Urgency traits moderate daily relations between affect and drinking to intoxication among young adults

Krysten W. Bold, Lisa M. Fucito, Kelly S. DeMartini, Robert F. Leeman, Henry R. Kranzler, William Corbin, Stephanie S. O'Malley

Research output: Contribution to journalArticlepeer-review

13 Scopus citations


Background Young adults with higher trait urgency (i.e., a tendency to act rashly in response to heightened affect) may be especially vulnerable to heavy drinking. The current study examined 1) the influence of urgency on daily relations between affect and drinking to intoxication, and 2) whether urgency influenced the effectiveness of naltrexone (vs. placebo) for reducing alcohol use. Methods This study is a secondary analysis of data from 126 (n = 40 female) heavy drinking young adults, ages 18–25, enrolled in a double-blind, 8-week clinical trial comparing brief motivational intervention and either naltrexone or placebo. Multilevel models examined whether trait urgency moderated daily relations between positive and negative affect and drinking to intoxication, measured by an estimated blood-alcohol concentration (eBAC) at or above the legal limit (≥0.08 g%). Person-level interactions examined whether naltrexone was more effective than placebo at reducing the odds of eBAC ≥ 0.08 g% for individuals with higher vs. lower trait urgency. Results On days of greater within-person positive or negative affect, young adults with higher urgency were more likely to drink to intoxication than those with lower urgency. Naltrexone reduced the odds of drinking to intoxication significantly more than placebo, independent of positive or negative urgency. Conclusions Although naltrexone treatment reduced drinking overall, young adults with higher trait urgency were still at increased risk for hazardous drinking following times of strong positive or negative mood. Targeted interventions are needed to reduce the risk of heavy drinking among young adults with high trait urgency.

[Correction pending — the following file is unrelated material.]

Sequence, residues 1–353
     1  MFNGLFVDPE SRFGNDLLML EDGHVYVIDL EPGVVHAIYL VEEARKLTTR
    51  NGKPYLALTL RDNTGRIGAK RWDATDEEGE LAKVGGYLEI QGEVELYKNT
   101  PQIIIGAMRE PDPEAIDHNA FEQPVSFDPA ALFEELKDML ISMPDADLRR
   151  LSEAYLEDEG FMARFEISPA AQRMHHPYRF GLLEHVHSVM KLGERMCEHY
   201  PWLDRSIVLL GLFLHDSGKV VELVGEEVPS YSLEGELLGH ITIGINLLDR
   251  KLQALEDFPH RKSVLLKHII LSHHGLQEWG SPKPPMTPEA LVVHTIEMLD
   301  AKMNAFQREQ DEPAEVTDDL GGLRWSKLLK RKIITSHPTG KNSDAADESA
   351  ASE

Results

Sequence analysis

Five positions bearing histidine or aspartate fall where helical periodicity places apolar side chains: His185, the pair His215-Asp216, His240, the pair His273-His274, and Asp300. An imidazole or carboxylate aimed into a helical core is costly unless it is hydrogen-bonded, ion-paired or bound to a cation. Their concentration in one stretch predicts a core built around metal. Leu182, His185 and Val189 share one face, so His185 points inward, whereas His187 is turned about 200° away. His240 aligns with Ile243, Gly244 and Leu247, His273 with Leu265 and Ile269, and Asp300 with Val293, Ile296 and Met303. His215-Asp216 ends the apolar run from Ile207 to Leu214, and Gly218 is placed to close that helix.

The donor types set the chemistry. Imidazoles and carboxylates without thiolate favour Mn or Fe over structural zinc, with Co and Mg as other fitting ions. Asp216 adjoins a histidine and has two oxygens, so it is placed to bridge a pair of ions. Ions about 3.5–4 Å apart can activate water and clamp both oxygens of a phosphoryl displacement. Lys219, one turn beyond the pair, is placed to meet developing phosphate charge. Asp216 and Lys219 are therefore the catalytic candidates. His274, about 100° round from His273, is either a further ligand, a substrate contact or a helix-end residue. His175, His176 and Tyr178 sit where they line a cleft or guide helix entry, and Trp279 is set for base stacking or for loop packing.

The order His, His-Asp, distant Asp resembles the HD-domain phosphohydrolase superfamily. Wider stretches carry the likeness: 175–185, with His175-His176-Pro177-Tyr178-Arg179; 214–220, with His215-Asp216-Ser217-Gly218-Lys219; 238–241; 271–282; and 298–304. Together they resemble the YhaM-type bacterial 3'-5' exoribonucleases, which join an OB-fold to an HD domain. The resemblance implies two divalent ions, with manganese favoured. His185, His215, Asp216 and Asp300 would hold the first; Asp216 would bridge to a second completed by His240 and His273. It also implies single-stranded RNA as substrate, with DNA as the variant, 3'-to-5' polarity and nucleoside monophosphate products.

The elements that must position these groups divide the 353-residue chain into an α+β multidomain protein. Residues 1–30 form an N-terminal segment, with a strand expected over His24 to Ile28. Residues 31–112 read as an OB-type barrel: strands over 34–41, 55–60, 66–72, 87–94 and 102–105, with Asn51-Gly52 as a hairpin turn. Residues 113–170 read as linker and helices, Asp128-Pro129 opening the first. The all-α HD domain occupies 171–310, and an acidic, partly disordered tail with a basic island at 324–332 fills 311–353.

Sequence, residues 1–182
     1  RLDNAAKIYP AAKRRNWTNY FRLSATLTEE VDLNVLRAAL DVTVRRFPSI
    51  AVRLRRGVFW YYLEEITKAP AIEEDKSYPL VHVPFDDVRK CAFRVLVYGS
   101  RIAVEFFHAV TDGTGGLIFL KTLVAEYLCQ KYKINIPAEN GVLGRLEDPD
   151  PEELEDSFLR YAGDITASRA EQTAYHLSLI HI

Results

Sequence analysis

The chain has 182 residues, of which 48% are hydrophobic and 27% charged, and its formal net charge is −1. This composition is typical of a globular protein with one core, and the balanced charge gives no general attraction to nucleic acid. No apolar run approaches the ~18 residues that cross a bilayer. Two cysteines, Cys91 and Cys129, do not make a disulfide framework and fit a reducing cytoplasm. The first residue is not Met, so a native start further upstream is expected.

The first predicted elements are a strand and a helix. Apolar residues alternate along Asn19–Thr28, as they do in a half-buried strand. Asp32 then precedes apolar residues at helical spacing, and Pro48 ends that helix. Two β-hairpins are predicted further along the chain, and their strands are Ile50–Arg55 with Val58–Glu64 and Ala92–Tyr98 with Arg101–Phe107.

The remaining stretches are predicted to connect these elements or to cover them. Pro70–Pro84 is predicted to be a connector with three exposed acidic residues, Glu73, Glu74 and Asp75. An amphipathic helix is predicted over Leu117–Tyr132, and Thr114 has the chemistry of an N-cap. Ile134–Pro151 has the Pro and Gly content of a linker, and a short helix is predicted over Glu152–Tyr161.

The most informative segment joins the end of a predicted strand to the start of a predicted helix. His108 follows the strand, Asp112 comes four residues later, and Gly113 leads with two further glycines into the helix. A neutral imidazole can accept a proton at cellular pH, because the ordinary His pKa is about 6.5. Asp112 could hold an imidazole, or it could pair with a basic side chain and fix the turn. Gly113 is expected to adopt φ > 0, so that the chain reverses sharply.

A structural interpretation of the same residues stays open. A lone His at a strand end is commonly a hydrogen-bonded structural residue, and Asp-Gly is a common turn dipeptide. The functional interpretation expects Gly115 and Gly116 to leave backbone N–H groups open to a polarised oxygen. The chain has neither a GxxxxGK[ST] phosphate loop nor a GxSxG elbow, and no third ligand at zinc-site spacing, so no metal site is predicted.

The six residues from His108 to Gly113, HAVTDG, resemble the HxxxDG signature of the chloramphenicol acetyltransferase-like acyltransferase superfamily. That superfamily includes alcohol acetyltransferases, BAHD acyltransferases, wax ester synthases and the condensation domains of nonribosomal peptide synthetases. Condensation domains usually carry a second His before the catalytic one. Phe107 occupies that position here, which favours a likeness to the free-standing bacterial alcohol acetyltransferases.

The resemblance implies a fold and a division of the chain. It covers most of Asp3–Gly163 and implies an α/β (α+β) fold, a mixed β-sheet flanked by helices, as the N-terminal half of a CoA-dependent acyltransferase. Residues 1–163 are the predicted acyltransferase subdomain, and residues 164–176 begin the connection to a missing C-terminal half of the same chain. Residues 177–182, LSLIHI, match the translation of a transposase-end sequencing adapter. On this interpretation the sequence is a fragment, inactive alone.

Original languageEnglish (US)
Pages (from-to)59-65
Number of pages7
JournalDrug and alcohol dependence
StatePublished - Jan 1 2017


  • Affect
  • Alcohol
  • Drinking
  • Impulsivity
  • Mood
  • Urgency

ASJC Scopus subject areas

  • Toxicology
  • Pharmacology
  • Psychiatry and Mental health
  • Pharmacology (medical)


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